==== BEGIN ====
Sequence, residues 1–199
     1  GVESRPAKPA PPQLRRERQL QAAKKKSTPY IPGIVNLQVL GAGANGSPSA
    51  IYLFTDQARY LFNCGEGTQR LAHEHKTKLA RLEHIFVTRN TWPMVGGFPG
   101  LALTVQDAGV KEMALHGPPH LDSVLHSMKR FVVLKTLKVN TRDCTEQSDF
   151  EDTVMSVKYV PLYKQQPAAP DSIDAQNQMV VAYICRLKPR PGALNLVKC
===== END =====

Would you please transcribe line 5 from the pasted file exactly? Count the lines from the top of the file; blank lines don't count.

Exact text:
   151  EDTVMSVKYV PLYKQQPAAP DSIDAQNQMV VAYICRLKPR PGALNLVKC